Wanya Morris & Lindsay Arnold: Jazz; “Bye Bye Bye” N Sync This is based off their 2000 VMA Awards performance. Wanya talks about wanting to do better than last week and show up his buddy Joey Fatone. Lindsay meanwhile frets about their heads matching the movement of the their filmed heads on TV at the beginning. Personally, I’m not quite sure Wanya pulled that part off–but he sure does knock every single other aspect of this routine out of the park. Carrie Ann sums the judges’ reactions up with “This boy is on fire!” but perhaps the best comments come from Joey and Lance Bass, who are both backstage, happy to see a member of a band they themselves idolized do justice to their number. The Tens from Carrie Ann and Bruno and a Nine from Len means the lead with 29.

Antonio Brown & Sharna Burgess: Jive; “Footloose” Footloose He is very unhappy with that comment Sharna made last week about not thinking they’re going to win. Tonight, he certainly dances like he wants to win, coming out with a grin that maybe’s a touch too manic, and moves that are equally manic. But that works out better, especially when it allows him to cover easily for an opening error and to center the number delightfully. “That’s the way to bring the house down,” Carrie Ann tells him, while Len calls it his best dance, and they all break out the Nines for 27.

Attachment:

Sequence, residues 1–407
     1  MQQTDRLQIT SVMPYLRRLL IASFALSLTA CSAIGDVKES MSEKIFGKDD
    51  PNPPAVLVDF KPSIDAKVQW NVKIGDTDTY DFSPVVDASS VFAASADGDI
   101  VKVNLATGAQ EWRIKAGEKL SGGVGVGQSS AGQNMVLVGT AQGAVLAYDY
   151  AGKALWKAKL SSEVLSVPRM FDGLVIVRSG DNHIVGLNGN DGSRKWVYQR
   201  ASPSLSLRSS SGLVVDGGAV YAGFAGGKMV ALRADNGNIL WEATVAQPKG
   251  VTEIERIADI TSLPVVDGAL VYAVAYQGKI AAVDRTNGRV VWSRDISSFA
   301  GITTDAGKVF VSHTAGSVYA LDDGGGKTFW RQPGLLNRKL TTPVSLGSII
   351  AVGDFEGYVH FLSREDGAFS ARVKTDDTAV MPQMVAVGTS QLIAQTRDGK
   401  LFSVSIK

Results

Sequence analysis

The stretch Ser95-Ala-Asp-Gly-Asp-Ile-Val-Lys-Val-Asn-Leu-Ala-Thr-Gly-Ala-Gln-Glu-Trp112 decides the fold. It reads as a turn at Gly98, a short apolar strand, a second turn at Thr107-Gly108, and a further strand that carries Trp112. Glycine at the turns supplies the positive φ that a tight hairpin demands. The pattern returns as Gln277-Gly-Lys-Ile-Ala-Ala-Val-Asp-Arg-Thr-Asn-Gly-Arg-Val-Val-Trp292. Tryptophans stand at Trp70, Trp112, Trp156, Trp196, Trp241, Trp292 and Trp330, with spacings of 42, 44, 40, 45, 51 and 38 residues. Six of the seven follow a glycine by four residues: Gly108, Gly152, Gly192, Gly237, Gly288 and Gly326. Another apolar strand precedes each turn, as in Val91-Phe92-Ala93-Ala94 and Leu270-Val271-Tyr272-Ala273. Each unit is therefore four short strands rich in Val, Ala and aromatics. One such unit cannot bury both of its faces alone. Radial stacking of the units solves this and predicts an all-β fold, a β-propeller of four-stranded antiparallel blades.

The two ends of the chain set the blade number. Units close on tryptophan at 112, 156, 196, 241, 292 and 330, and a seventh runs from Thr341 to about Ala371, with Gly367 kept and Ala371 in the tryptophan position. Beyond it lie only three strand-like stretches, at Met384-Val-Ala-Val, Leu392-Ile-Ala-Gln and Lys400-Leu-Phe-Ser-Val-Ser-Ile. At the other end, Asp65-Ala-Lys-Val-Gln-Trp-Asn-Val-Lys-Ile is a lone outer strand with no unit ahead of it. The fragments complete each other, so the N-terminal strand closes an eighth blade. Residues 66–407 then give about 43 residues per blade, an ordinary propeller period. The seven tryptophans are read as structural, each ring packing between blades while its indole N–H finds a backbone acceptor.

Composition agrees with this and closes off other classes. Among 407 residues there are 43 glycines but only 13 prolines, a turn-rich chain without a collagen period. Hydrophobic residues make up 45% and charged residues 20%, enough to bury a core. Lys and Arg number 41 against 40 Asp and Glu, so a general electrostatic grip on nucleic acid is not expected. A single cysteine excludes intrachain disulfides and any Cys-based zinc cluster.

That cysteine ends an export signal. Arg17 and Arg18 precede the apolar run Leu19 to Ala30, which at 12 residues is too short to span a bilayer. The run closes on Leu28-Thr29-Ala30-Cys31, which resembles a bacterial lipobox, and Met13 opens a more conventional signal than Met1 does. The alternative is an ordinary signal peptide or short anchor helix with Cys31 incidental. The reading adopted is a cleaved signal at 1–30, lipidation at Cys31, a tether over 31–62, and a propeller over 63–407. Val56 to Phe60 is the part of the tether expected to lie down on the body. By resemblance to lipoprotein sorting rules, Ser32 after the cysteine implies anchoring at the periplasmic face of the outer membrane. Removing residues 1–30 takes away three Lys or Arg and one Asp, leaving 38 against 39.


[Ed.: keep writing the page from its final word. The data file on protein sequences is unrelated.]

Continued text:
This has been great enough a night you really don’t want to lose anyone, but alas, we must, so everyone gets lined up. Three couples are called as in jeopardy: Paige & Mark, Doug & Karina, and Von & Witney. Looking at the score differences alone, you gotta figure Doug & Karina are going, and sure enough, they are. The crowd chant his name in farewell.

No, the big surprise announcements are in the final seconds of the episode. The team dances next week will be boys against girls, and there’s going to be a double elimination! Losing two couples next week is not something anyone is happy to hear about right now…